Texas also limits the scope and geographic area of noncompetes to the most narrow restriction necessary to accomplish the business purpose of the restriction. If the restrictions are reasonable, courts will enforce the provision. If the restrictions are not reasonable, courts have broad discretion to revise them as appropriate.

Myth No. 6: Medical school prepares physicians to handle the business and legal aspects of practicing medicine by themselves.

Truth: Legal concepts in healthcare are complex and dynamic. Great physicians are not necessarily great lawyers.

Schools do a great job educating healthcare providers to provide healthcare. And while many of them also offer courses on business and Texas jurisprudence, it is simply impractical to instill in the provider all the information he or she will need to navigate the legalities of modern healthcare. Even lawyers who specialize in health law must constantly stay up-to-date on recent developments.

I’ve met some wonderful physicians over the years, but a common trait among them is that they will sign or enter into an agreement without reading the agreement or truly understanding what they are getting themselves into.

I once came across a physician who tried to sell my client her medical practice, not realizing she had sold it to someone else. Two years prior, she sold the practice to a “management company” and didn’t realize she was just an employee and not the owner. This example may be extreme, it is a consistent theme.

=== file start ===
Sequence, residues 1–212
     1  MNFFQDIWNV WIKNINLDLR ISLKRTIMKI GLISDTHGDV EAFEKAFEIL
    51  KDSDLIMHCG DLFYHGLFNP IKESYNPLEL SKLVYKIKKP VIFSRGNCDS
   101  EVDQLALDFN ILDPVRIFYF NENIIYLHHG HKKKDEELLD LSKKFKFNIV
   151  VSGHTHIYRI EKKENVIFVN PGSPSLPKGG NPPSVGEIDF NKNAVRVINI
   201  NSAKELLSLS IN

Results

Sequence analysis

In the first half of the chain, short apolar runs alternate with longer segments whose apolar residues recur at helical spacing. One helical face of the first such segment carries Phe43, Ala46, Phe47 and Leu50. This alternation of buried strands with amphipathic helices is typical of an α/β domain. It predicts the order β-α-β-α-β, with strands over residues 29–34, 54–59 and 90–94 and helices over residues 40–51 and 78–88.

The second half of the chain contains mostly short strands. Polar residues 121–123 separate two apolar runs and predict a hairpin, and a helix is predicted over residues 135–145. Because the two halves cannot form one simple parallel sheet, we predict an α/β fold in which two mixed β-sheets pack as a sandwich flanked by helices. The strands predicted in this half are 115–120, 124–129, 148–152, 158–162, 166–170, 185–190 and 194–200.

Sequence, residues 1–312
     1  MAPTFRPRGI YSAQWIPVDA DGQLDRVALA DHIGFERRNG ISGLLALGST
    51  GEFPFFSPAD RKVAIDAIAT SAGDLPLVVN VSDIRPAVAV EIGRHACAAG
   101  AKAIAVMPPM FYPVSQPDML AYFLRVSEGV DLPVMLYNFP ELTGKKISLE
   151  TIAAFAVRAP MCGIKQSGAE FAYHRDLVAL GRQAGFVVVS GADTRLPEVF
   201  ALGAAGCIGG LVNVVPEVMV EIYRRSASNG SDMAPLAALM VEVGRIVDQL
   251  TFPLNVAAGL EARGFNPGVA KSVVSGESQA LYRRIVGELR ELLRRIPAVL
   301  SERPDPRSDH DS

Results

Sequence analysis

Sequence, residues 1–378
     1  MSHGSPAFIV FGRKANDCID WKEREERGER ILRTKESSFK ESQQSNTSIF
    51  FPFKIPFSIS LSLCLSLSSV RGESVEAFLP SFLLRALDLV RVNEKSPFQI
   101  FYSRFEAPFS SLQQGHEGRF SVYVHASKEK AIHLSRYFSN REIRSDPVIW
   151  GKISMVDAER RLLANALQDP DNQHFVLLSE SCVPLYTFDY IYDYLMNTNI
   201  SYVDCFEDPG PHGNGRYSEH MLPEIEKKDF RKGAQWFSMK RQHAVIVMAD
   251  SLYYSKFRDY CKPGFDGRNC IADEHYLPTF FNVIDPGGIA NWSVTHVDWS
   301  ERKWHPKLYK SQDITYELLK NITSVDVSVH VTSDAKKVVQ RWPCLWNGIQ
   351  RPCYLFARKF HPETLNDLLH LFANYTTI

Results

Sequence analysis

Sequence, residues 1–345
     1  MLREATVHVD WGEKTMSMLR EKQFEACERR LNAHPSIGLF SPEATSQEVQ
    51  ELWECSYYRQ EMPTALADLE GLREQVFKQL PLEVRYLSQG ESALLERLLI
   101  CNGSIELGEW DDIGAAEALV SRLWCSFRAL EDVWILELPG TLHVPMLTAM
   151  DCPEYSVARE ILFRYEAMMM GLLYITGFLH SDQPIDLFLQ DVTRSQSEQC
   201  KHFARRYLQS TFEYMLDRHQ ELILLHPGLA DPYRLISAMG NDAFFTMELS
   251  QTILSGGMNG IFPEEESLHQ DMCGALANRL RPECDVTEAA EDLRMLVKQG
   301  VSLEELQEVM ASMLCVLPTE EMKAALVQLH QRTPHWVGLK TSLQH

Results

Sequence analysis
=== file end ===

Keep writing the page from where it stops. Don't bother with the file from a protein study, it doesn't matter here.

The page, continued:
The practice of law is as technical as the practice of medicine. Lawyers shouldn’t practice medicine and physicians shouldn’t practice law. You will save yourself a lot of money and heartache if you retain competent legal counsel rather than trying to go it alone.

Show me a physician who tries to handle legal problems themselves and I’ll show you a physician who is going to be a great client. It’s much better to avoid the problem in the first place than to fix the problem after the fact.

Myth No. 7: There is a way around any legal prohibition or restriction.

Truth: The government has broad discretion to prosecute fraud and abuse. The Department of Justice will closely scrutinize arrangements designed to circumvent the law.

It is not uncommon for initial conversations with clients to begin, “I want to practice ethically and do everything above board, but is there a way around… [fill in the blank.]” This attitude is dangerous.

Federal and state healthcare and reimbursement statutes are broad and sweeping. The anti-kickback statute, for example, applies to any remuneration, that is, anything of value. And it applies to both sides of the transaction whether soliciting kickbacks or paying kickbacks. The government has broad discretion to review business arrangements and identify possible kickbacks. You may find yourself on the wrong side of a civil or criminal prosecution because the result of your arrangement is to pay you or someone else for the volume or value of referrals.

The Stark Law has a special penalty for “circumvention schemes” designed to avoid technical violations of the law. The Texas Patient Solicitation Act applies even more broadly than its federal counterparts.